* Photographers who shoot fashion are frequently looking for models to test shoot, to try new equipment, experiment with different techniques, or scout new locations. Most limit themselves to models over the age of 18, but there are some that work with junior models.

* Trade shoots are actually a good first indication of how a model will be received. If, for one reason or another, a model can't get a serious photographer to do a trade shoot with her, there might be some issues that have to be resolved before proceeding.

* Finding photographers to work with has gotten easier with online options. Meet-Up groups that specialize in model photography work well, but make sure you pick a reputable one. Check out the individual work of the photographers on any Meet-Up group before joining, to see if it matches what you're looking for.

* Another way of finding photographers to work with in metropolitan areas are family-oriented group shoots, where a small group of photographers shoot a few models in parks or other public settings. I'm not a particularly great fan on group shoots, but I have met some very promising models through them, some who have gone on to be very successful.

* Many models don't like group shoots either, but they are a way for a model to get the experience of working with a variety of different photographers with various amounts of experience in a safe environment. And they are a way for models to meet all sorts of photographers, from talented aspiring pros, to casual amateurs shooting just for the fun of it, to photographers who might better be avoided.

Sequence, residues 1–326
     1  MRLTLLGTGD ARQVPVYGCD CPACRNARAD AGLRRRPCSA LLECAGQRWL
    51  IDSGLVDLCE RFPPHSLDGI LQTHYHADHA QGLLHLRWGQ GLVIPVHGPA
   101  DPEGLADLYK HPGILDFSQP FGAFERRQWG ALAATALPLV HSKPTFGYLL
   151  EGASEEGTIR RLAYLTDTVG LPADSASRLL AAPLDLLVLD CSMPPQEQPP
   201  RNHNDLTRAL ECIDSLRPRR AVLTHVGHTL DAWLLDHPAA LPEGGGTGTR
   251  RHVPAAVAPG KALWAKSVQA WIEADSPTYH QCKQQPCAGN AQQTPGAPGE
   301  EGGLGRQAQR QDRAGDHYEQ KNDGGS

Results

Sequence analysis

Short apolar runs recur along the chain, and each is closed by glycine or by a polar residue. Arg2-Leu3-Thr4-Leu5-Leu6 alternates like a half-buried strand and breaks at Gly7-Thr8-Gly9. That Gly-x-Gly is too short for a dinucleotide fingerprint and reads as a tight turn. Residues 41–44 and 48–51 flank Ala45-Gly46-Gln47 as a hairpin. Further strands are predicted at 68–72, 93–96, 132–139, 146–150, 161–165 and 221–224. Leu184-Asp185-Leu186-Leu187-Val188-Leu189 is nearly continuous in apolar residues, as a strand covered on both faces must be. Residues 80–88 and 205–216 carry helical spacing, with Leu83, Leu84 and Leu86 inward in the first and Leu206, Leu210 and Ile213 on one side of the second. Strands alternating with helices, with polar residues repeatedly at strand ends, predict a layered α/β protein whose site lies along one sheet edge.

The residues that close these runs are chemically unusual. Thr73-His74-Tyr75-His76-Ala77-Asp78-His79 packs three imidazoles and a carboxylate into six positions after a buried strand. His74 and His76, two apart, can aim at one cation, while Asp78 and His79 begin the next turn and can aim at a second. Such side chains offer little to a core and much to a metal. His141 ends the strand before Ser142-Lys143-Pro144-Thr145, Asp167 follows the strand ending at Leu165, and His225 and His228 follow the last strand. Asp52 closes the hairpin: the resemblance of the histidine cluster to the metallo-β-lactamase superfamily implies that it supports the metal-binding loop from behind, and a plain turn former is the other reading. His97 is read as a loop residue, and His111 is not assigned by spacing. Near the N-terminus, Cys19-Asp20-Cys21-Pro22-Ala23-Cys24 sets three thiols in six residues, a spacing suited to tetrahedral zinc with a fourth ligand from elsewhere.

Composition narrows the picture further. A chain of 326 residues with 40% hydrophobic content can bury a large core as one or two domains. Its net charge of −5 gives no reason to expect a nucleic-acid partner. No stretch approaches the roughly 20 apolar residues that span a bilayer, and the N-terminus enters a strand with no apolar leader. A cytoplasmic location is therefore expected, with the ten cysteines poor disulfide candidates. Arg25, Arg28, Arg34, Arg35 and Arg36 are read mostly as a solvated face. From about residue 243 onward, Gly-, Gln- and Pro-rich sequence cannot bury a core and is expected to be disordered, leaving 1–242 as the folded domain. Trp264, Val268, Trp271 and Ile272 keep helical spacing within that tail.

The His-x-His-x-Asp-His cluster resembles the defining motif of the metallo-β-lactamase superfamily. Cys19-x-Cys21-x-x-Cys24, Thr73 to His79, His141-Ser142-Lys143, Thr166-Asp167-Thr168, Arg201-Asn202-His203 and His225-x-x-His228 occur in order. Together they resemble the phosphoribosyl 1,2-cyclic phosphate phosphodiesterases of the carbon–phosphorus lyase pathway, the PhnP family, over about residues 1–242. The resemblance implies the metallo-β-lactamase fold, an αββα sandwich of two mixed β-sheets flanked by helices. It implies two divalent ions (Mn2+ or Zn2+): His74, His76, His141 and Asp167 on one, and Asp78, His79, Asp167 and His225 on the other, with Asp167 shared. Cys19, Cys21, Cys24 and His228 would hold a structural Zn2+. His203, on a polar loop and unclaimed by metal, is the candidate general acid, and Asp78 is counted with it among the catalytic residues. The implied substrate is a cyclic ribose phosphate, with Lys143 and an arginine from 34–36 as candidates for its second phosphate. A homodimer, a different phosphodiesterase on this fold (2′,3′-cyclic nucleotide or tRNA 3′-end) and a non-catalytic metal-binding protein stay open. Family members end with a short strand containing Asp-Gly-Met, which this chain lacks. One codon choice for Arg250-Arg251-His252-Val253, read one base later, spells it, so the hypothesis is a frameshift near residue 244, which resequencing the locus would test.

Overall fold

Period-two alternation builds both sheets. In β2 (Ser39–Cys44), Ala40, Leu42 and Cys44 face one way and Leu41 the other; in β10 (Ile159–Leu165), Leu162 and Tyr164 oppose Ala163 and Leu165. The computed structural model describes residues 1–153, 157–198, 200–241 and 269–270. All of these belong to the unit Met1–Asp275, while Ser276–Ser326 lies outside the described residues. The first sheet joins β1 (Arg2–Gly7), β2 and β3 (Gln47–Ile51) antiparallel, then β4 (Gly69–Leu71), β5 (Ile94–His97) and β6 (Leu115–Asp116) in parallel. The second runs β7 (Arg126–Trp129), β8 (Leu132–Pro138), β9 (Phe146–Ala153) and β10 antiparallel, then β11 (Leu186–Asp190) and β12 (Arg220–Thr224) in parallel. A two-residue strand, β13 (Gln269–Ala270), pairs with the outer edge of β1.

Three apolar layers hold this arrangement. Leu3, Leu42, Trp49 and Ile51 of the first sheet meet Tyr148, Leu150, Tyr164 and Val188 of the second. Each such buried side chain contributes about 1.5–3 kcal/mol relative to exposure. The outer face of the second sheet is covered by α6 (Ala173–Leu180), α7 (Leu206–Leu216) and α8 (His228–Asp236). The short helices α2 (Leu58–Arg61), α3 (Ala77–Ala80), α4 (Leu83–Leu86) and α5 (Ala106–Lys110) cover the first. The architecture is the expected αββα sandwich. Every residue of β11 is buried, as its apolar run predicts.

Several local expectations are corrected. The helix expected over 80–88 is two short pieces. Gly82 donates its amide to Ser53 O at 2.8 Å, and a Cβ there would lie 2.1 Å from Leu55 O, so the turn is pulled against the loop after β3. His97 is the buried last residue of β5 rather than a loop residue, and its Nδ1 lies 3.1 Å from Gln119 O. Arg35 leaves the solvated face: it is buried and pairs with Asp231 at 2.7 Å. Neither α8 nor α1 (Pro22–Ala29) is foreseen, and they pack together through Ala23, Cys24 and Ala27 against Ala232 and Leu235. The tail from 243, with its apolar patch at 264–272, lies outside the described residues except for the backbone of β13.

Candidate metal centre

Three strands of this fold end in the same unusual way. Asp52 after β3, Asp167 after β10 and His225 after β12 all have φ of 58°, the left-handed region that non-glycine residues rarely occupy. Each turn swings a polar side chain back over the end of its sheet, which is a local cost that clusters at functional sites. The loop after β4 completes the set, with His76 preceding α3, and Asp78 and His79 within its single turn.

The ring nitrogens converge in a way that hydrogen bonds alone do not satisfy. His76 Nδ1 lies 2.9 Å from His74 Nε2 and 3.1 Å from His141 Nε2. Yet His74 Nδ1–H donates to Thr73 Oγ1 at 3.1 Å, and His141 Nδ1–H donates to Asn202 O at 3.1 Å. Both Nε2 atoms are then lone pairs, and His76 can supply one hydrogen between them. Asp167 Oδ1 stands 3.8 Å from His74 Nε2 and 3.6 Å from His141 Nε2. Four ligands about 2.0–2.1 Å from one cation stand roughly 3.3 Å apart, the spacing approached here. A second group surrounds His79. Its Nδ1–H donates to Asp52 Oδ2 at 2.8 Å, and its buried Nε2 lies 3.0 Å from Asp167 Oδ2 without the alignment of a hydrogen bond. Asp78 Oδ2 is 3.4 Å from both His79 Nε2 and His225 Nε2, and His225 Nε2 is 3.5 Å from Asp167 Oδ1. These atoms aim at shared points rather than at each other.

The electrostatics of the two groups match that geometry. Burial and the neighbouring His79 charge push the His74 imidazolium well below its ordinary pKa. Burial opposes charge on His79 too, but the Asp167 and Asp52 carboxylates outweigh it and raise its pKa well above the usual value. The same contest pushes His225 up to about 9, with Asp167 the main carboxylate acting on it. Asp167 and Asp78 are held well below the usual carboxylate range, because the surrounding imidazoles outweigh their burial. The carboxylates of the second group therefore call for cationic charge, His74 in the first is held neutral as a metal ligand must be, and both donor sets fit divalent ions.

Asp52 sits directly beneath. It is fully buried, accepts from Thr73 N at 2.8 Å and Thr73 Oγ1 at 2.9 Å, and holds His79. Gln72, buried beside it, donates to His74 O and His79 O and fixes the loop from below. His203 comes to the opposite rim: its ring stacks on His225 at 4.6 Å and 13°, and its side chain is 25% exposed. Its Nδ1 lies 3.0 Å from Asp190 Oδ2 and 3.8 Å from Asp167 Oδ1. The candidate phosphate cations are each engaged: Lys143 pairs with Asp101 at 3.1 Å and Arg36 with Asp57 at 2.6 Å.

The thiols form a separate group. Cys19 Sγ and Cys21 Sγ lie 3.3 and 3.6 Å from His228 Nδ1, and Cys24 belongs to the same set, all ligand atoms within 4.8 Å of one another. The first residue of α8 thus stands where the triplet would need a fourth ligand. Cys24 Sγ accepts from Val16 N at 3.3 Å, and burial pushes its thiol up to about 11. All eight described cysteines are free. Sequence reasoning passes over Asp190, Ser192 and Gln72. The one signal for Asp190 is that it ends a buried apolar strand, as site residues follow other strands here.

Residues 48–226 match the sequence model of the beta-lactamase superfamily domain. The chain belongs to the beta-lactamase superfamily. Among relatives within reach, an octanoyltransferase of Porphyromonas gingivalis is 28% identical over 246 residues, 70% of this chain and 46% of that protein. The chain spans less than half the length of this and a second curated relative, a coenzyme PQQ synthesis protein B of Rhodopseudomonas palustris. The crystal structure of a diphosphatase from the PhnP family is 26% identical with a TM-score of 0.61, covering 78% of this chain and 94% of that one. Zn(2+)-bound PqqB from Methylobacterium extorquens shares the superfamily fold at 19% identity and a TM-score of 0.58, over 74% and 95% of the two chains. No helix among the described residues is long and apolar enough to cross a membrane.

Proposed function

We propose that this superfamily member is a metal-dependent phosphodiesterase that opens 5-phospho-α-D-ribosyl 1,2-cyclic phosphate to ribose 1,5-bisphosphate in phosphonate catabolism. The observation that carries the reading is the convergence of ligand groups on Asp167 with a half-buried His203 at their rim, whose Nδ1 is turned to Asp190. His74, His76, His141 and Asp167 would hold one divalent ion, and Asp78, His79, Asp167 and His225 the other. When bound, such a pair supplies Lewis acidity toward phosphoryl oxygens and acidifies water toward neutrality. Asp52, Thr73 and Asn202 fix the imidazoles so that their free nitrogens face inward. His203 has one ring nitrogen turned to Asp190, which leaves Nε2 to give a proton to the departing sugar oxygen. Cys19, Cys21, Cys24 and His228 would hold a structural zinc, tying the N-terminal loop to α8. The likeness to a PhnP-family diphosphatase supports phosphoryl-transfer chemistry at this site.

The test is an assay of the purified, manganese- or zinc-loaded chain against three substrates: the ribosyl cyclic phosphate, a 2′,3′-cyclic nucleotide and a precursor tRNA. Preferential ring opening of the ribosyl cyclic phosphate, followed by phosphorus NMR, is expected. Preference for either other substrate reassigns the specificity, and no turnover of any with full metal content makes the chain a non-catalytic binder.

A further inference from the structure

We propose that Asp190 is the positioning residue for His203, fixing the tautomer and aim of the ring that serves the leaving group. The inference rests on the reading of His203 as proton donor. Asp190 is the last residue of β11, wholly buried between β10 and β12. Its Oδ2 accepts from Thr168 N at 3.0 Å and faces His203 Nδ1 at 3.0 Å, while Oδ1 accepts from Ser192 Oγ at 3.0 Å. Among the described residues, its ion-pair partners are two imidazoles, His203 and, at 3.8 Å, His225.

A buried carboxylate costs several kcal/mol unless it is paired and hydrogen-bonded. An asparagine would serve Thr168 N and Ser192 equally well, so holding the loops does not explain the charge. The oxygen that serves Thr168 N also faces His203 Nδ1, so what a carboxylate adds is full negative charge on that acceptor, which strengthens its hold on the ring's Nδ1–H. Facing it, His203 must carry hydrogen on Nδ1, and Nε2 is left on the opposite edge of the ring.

* While there are all sorts of photographers at theses shoots, most are mainly amateurs, so the quality of any pictures that might be generated are, at best, inconsistent. Still, there are some talented photographers who attend who might be interested in doing individual shoots. It's more than likely that any portfolio quality images come from those follow up individual shoots.

* While most of the models that participate in such group shoots never go much further than that, I know of a number of models that first started with group shoots that have gone on to sign with major agencies.

Before You Shoot

* Before agreeing to work with any photographer that you run into at one of the shoots, like with Meet-Up groups, take a good look at his work to see if the style and approach fits with what you're going for. If it doesn't, you'll probably be disappointed with the results of the shoot.

* Avoid any photographer who's work isn't up to par or mixes pinup work with his fashion images. A lot of professional photographers shoot a variety of subject. Besides fashion, they might shoot glamour, pin-up, even artistic nudes, but they categorize their images and keep them separate. You don't want bad images of a model just getting into the field floating around, and you don't want a model to be associated with the wrong type of photography. (You wouldn't want a shot of 14 year old playing on the beach displayed next to some model in lingerie on a bed or a nude shot in the desert.)

* Agree upon what will be provided and when it will be delivered, from any trade shoot.

* Usually photographers agree to provide a certain number of electronic images per shoot. Make sure that the photographer provides high resolution versions of any images. (Low resolution versions are fine for on-line use, but are not good for printing, in case you want to use them for a portfolio.)

* It shouldn't take more than two weeks, three at the most, to get images back.

* Go for quality, not quantity. You should be getting back anywhere from at least a half a dozen to a dozen optimized images per hour of a trade/test shoot. Some photographers will provide all the images that were taken during a shoot, but most won't.